Wittgenstein is now commonly featured on lists of people suspected to have asperger's syndrome. As Wittgenstein is deceased it may impossible to ever definitively prove that he in fact had asperger's. It is well established that posthumous diagnosis of psychological conditions or syndromes is highly unreliable but this still hasn't quietened the debate regarding whether many of history's great minds in fact had asperger's syndrome.
Many have become interested in the question of whether Wittgenstein had asperger's, with much of this contemporary interest in the question of whether the great philosopher had asperger's being stirred up by Michael Fitzgerald's 2004 book 'Autism and Creativity: Is there a link Between Austim in Men and Exceptional Ability'. In this book Fitzgerald gives Wittgenstein as a case study, claiming that the development from the ideas of the Tractatus to the Philosophical Investigations was in part caused by Wittgenstein's social development. With the method taken in the Philosophical Investigations having a particular focus on the social dimension of language. Fitzgerald alleges that this development mirrors the personal development of many people with asperger's syndrome. This is certainly a rather contentious claim, in fact there are group of Wittgenstein scholars called the new Wittgensteinians who rejected the traditional view that there are two separate Wittgenstein's as such, rather contending that the clear distinction between the thought of the early and late Wittgenstein is false. If such a interpretation is correct (I personally doubt it is) it seems to seriously undermine Fitzgeralds example of Wittgenstein as a case study of social development.
Some have gone further than Fitzgerald in asserting that Wittgenstein has asperger's syndrome. Example being the Japanese psychologist Y. Ishiskaya who in his paper 'Wittgenstein and Asperger Syndrome: Did Wittgenstein have this syndrome?' concludes that Wittgenstein in fact did have Aspergers, classification ICD-10. This diagnosis was undertaken by examining Wittgenstein's social interactions throughout his life and concluding that much of Wittgenstein's social behavior was consistent with an individual with Asperger's syndrome.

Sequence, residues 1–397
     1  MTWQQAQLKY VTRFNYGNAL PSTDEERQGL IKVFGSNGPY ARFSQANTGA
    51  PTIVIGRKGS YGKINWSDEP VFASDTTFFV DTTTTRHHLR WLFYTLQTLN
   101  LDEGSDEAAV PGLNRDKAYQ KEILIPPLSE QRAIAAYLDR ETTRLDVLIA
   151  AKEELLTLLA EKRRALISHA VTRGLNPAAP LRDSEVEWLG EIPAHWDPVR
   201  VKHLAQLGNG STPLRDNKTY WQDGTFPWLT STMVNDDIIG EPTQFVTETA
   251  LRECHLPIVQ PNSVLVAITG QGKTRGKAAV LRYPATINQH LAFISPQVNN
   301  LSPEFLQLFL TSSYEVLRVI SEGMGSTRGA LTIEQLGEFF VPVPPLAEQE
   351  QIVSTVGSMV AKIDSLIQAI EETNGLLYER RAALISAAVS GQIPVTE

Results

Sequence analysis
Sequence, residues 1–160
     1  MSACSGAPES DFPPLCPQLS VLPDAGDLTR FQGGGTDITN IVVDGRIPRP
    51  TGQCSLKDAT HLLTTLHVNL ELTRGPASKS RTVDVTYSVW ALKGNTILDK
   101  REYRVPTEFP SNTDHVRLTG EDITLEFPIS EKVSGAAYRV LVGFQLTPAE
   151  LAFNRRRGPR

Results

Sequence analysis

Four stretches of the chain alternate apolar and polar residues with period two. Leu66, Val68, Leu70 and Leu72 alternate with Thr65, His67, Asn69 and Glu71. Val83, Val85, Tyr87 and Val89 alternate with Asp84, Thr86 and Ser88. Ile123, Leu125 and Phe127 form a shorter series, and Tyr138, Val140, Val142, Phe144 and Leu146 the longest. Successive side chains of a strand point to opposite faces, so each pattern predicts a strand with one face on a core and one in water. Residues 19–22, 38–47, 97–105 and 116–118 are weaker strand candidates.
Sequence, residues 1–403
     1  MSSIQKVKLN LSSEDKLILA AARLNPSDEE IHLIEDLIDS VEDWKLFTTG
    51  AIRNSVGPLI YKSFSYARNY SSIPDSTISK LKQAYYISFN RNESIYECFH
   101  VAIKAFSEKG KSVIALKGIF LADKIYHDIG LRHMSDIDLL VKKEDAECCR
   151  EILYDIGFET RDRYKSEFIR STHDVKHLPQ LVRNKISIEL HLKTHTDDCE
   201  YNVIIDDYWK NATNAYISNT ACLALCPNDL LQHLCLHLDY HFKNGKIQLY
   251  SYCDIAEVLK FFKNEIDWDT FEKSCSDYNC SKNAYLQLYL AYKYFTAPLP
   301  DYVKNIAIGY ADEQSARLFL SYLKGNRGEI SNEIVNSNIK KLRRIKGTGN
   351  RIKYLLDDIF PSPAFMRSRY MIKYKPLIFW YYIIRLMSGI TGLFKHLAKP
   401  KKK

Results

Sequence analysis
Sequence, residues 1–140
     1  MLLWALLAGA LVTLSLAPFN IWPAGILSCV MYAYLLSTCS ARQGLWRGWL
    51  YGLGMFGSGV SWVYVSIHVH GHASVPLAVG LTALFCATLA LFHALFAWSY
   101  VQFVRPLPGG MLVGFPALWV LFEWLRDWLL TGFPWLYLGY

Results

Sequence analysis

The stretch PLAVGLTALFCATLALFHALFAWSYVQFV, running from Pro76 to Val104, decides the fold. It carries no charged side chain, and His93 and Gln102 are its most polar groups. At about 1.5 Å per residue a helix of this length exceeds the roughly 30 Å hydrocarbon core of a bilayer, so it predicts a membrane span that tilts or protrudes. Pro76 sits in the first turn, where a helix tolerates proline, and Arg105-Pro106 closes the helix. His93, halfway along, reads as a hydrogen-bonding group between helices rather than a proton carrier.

His interpersonal relationships were characterized by ego-centricity and a lack of concern or empathy for others as well as a lack of a sense of social interaction. He tended to be detached and isolated from others, but did seek close relationships with a few people, often one person at a time. The conduct of his daily life was dominated by the tendency to be obsessive, stereotypic, and persistent. He was reported to have been clumsy, and his accent and intonation when speaking to have been bizarre.(Abstract, Ishishkaya 2003)All of this according to Ishishkaya is taken to be sufficient to diagnose Wittgenstein with Aspergers syndrome. The validity of historical diagnosis is subject to serious scrutiny with many people being suspicious of such posthumous diagnosis.
However there appears to be significant evidence that Wittgenstein displayed many of the traits that are associated with asperger's syndrome. Many of the stories and accounts featured in Ray Monk's brilliant biography of Ludwig Wittgenstein seem to be quite consistent with the claim that Wittgenstein in fact did have asperger's syndrome. It seems that the claim that Wittgenstein may of in fact had asperger's syndrome to pretty plausible, I suggest that anyone interested in claims regarding whether Wittgenstein did in fact have asperger's read Ray Monk's biography. While Monk never claims or states that Wittgenstein had asperger's syndrome it appears that Wittgenstein's personality and character is at least consistent with a diagnosis of asperger's syndrome.
While it will not be possible to definitively answer the question of whether Wittgenstein had asperger's syndrome, some of the evidence does point towards a diagnosis of Wittgenstein being aspergic. The problem with both Ishiskaya and Fitzgerald's claims is that posthumous diagnosis of such conditions is highly unreliable. With all that being said the possibility that Wittgenstein was aspergic may better help us understand both the man and his work a little bit better.
Fitzgerald M, (2004), Autism and Creativity: Is there a link Between Austim in Men and Exceptional Ability
Monk R (1991), Ludwig Wittgenstein: The Duty of Genius, Vintage